A serious illness such as Dementia or Alzheimers can creep up on you. Your relative may spend several months just being a bit “tired” or “having senior moments” when they forget things, get lost on the way home and have the same conversation with you 5 times in a few hours.
When a diagnosis is finally made, even though you may have been expecting it and it’s been at the back of your mind for a while – it’s always a shock. It can turn you from a normal family with all the usual stuff that goes on to being an injured family, grieving for the person you’ve “lost” and not knowing what the future holds.
For the elderly parents “children” (now in their 50’s or older) many revert back to the patterns of behaving they had when they were small, with all the rivalries and history that entails. They feel the “loss” of their parent, even though they’re still alive.
Many people hold to the “tribe” rule – that you must be there at the hour of need and how you respond to this is a measure of how much loyalty and love you have.
This can be very difficult to deal with – particularly when family members are scattered across the country or continents as is often the case today. Even if they all live within 500 yards of each other or in the same house, this unspoken rule still holds.
With health care improvements people are living much longer than their predecessors. Their children may not live close by, are still working, may be looking after their grandchildren and are not in a position to give up work to Care.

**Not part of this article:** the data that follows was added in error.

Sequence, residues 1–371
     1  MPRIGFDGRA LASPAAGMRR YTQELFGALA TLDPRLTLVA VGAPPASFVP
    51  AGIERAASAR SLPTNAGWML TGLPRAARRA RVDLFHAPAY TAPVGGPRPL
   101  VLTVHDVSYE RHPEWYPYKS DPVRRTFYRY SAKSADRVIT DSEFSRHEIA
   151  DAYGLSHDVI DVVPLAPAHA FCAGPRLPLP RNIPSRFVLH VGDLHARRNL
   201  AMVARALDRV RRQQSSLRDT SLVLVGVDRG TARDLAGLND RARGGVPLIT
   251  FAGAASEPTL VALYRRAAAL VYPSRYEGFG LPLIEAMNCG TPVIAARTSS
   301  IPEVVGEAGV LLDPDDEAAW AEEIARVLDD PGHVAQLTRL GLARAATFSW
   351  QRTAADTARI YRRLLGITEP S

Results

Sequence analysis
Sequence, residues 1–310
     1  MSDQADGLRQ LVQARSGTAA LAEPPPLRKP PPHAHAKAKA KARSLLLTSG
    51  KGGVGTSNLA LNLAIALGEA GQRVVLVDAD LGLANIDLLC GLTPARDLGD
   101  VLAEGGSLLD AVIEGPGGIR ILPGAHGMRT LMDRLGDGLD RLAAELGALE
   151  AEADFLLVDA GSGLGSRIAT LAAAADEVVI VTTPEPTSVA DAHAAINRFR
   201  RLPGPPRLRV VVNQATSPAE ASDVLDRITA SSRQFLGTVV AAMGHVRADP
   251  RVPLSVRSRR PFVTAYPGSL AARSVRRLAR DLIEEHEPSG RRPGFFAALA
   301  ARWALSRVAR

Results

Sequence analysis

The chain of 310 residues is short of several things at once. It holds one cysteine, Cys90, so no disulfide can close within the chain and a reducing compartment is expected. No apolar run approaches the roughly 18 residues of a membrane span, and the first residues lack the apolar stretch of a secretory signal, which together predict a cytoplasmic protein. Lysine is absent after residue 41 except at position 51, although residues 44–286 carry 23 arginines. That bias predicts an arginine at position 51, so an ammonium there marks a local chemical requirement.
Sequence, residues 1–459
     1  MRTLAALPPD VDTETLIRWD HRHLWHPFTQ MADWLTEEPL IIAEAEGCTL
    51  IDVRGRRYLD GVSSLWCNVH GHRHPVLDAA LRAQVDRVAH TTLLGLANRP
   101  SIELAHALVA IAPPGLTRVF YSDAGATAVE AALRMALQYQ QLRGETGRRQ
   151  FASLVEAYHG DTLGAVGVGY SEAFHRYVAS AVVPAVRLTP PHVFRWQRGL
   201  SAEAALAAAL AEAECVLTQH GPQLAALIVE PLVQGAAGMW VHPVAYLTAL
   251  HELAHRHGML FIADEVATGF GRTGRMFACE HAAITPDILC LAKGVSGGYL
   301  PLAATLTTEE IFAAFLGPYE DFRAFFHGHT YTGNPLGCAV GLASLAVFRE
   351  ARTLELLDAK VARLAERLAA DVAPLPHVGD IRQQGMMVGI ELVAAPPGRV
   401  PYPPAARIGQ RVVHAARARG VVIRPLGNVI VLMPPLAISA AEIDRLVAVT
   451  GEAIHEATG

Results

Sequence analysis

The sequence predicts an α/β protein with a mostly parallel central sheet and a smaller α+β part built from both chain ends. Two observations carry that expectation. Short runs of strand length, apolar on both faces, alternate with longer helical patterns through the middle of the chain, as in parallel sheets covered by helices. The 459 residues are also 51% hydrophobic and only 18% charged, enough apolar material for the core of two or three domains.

People often feel “judged” about what they do or don’t do for their relative and family once it’s clear that Care responsibilities are involved. The services that are there are not coping well and Care falls frequently to the family to either manage or provide.
Many people talk about going through “stages” of Care. What works for a while can suddenly change and more services, medication, time is needed, whilst all the time people know at the back of their mind that an end is inevitable, but you don’t know when that will be.
All this can be completely overwhelming for even the toughest person and trying to cope with working as well is really challenging. Giving up work may not be an option financially so ways need to be found for people to continue to work, to keep their businesses going and to maintain their own sense of being at a time when they can’t predict what will happen next.
Families need to pull together if they can, setting old arguments aside or they will become further damaged and potentially unrepairable.
Do you know someone in this situation – trying to cope AND work?